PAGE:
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1.

When a boy’s father decides

to go away to live

in California,

look up at the sky

turned upside down,

at all those migrating birds

now struggling in the dirt,

their bodies flayed

open for beetles, for snakes,

for boys without feathers.

 

2.

If you take a boy and turn him

upside down

before he knows

where his feet belong, give him

a frayed Black Sabbath t-shirt,

a leather jacket

covered in war paint and spikes,

combat boots—

he can stomp the world

into shapes he understands.

 

3.

When I was a boy,

there was no such thing

as California,

only that distance between

me and my father—now I know

California is where

everything is supposed to be

upside down

like my memory of boyhood

is a vicious song on the radio.

 

4.

If you spark a flame and turn

it upside down,

you will find it is still

a flame, your fingers

ablaze—turn a boy upside down

and you

might discover his hands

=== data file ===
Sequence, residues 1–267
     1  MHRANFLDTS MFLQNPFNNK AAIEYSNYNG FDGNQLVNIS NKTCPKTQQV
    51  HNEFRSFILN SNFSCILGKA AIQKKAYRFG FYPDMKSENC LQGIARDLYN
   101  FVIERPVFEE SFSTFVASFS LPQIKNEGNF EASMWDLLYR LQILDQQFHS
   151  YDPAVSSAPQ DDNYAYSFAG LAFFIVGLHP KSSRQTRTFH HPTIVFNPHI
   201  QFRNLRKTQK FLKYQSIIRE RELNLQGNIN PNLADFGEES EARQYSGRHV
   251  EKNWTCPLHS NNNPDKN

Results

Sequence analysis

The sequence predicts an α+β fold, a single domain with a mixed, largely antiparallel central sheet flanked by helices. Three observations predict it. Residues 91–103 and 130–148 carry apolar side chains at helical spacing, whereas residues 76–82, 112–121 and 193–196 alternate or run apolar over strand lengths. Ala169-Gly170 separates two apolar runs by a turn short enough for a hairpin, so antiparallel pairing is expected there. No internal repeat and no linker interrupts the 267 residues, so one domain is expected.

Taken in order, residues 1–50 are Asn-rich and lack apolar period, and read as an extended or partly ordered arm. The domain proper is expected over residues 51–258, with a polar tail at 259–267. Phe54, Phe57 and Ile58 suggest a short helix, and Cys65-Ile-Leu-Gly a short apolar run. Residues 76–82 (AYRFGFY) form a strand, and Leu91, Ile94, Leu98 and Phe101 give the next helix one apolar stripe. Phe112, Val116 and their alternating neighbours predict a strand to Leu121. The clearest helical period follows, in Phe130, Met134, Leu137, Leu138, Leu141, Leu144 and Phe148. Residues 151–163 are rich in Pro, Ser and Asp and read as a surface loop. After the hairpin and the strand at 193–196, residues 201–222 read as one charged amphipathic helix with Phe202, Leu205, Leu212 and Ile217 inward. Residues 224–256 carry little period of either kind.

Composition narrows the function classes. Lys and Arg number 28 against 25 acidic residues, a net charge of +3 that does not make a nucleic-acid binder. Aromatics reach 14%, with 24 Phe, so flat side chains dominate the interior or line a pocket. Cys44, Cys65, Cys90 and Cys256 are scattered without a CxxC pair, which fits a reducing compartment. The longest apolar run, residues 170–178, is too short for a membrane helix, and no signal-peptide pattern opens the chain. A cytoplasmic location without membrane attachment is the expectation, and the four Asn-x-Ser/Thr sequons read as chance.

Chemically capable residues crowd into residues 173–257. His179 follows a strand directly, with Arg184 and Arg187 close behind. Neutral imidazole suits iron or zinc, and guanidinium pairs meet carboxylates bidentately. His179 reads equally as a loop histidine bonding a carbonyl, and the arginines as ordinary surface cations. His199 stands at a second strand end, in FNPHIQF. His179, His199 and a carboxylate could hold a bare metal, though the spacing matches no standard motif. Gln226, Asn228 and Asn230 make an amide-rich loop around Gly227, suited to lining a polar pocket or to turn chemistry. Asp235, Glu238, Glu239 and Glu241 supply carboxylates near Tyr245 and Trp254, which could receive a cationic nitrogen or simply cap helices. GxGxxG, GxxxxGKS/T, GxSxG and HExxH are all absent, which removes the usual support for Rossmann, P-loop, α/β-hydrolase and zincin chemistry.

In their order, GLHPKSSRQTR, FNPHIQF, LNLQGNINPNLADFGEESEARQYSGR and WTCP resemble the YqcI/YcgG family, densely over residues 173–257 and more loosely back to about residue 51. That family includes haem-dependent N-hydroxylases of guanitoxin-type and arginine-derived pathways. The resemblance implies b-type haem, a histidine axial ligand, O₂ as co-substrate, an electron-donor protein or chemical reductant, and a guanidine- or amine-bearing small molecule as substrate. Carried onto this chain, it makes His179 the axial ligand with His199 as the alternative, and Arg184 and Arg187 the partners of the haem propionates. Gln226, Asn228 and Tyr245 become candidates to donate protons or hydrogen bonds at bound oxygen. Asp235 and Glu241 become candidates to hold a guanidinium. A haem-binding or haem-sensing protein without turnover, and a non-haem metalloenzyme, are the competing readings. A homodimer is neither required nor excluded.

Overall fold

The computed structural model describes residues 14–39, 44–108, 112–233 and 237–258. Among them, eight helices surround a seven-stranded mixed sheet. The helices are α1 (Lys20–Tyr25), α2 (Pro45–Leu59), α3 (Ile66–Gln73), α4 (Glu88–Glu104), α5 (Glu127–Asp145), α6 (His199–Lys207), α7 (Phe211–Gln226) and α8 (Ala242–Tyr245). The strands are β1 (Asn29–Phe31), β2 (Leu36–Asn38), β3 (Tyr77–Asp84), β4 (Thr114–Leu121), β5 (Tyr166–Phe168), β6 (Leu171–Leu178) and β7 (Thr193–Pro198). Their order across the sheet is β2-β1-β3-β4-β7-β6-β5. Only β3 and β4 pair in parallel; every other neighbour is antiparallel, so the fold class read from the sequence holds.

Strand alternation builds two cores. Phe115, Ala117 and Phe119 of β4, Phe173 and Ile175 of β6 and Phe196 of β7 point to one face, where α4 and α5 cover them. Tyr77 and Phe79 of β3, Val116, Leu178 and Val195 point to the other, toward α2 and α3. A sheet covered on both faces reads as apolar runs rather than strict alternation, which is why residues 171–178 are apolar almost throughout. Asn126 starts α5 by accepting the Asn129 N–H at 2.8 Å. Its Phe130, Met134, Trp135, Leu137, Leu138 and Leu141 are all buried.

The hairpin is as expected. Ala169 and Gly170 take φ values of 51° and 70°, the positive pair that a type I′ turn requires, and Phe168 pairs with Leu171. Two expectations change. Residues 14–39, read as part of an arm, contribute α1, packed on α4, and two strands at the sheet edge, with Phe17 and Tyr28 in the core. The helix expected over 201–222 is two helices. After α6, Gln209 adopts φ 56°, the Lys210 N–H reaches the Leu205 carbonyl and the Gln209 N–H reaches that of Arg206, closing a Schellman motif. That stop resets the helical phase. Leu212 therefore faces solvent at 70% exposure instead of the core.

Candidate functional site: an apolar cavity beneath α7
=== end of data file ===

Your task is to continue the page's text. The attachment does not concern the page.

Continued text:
gripping your ankles

your own face perilously

                                close to the ground.

 

5.

A star is a lovely blemish

on the night’s complexion:

turn it upside down

and it’s a boy

cloaked in buzzards

and fire, his father

a flock of birds heading south—

they are light

and then they are darkness,

and then they are gone.

W. Todd Kaneko is the author of The Dead Wrestler Elegies (Curbside Splendor, 2014). His poems and prose have appeared in Bellingham Review, Los Angeles Review, Barrelhouse, The Normal School, The Collagist, and many other journals and anthologies. A Kundiman fellow, he is co-editor of Waxwing magazine and lives in Grand Rapids, Michigan, where he is an assistant professor at Grand Valley State University.

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